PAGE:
The analyses above suggested that the congruency sequence effects were triggered by the task-irrelevant conflict stimulus in the absence of response conflict. To analyze the alternative repetition-effect, we re-analyzed the data that followed the logic of the integration approach suggested by Hommel  and Hommel et al. . Accordingly, mean RTs and mean error rates were analyzed as a function of the repetition versus alternation of response key (here confounded with graphic shape) and Stroop stimulus congruency level. However, in the current design, four possible graphic values were mapped onto two responses, resulting in a particular condition that the graphic shape features change (from e.g. triangle to rhombus) while the response features stay the same, which was suitable neither for repetition of response key (confounded with graphic shape) nor for alternation of response key (confounded with graphic shape). Thus, these trials were not included in the analysis.
For the RTs (see Figure 2, left panel), the main repetition effects of response key/graphic shape and Stroop stimulus congruency level (all Fs<1) were not significant. However, the interaction of response key/graphic shape and Stroop stimulus congruency level was significant, F (1, 23) = 6.85, p<.05. RTs were fast if response key/graphic shape and Stroop stimulus congruency level were both repeated (492 ms) or both alternated (494 ms), but slow if only response key/graphic shape (505 ms) or only Stroop stimulus congruency level (504 ms) was repeated while the other feature was alternated. The error rate analysis reached very similar results as those obtained for RTs (see Figure 2, right panel). A significant interaction of response key/graphic shape and Stroop stimulus congruency level, F (1, 23) = 5.37, p<.05, indicated that error rates decreased if response key/graphic shape and Stroop stimulus congruency level were either both repeated or both alternated (4.28% and 4.56% respectively) than if only one, but not all, was repeated (5.88% and 6.03%, respectively).
Mean reaction times (RTs) and mean error rates as a function of the repetition versus alternation of response key/graphic shape and Stroop stimulus congruency level.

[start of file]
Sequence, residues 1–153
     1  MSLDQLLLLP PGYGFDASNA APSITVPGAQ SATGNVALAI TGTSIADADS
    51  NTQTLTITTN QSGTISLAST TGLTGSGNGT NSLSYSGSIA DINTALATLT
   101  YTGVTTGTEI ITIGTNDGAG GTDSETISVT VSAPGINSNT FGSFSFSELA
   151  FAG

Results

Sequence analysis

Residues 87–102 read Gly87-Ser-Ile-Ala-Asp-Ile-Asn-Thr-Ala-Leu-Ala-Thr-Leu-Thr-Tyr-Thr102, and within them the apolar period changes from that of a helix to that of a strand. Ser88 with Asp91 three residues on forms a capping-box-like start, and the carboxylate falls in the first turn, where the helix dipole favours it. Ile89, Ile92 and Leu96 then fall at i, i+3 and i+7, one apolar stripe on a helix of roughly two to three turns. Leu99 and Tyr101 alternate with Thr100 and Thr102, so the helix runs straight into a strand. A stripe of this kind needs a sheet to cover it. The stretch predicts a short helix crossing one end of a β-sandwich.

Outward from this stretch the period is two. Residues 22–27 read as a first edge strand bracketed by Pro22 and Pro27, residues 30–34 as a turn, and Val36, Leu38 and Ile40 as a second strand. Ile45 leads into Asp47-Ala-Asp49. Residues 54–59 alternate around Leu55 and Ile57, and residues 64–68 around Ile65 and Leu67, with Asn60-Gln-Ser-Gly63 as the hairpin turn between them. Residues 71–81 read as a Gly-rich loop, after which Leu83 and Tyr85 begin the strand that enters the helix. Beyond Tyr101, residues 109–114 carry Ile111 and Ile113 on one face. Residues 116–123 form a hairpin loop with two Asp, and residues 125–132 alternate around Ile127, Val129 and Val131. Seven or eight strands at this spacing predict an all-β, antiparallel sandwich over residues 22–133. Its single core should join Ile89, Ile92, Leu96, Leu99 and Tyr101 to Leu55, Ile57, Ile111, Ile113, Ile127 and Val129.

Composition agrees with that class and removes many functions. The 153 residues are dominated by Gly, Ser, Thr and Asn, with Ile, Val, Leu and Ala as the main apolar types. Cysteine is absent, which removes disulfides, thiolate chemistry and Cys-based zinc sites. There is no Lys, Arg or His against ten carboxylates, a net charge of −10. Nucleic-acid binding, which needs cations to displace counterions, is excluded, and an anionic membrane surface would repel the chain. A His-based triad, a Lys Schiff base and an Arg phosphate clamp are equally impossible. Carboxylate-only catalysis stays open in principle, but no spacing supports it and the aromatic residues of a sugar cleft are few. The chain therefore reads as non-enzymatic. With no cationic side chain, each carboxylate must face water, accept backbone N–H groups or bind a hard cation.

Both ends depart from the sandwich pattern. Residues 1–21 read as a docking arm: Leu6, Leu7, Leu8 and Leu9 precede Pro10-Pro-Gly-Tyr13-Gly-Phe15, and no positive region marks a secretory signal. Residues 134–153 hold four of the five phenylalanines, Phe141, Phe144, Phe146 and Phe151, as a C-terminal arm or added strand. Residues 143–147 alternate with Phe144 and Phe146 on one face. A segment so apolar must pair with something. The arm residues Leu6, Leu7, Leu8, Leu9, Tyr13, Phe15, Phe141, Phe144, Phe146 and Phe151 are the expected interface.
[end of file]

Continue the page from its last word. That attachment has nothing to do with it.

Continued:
A separate analysis was conducted for those trials which were not included in the above analysis. According the logic of feature integration, if some of the features change but others do not, this should lead to slower RTs, since some associations need to be overcome. We separately compared this with every feature repetition or alternation. Results showed that participates responded slower when graphic shape features changed (from e.g. triangle to rhombus) while the other features (same response, same congruency level) stayed the same (492 ms) than every feature repetition (502 ms), t (23) = 2.37, p<0.05. Results also showed that participates responded slower when graphic shape features alternated (from e.g. triangle to rhombus) and congruency level alternated while the other features (same response) repeated (506 ms) than every feature alternation (494 ms), t (23) = 2.42, p<0.05.
Previous researches mostly focus on the situation with the conflict stimuli as primary target. In the present study, we explored the congruency sequence effects from a new perspective, in which the conflict stimuli constituted irrelevant information. Specifically, this study was concerned with the performance of graphic shapes judgment, wherein, the Stroop stimuli were embedded inside the graphics acting as the irrelevant information. We found that the RTs difference between graphics with incongruent Stroop stimuli and graphics with congruent Stroop stimuli reduced when following an incongruent trial (graphics with incongruent Stroop stimulus) comparing with a congruent trial (graphics with congruent Stroop stimulus), which manifested congruency sequence effects. The results suggest that processing task-irrelevant conflict stimulus features could also induce sequential modulations of interference.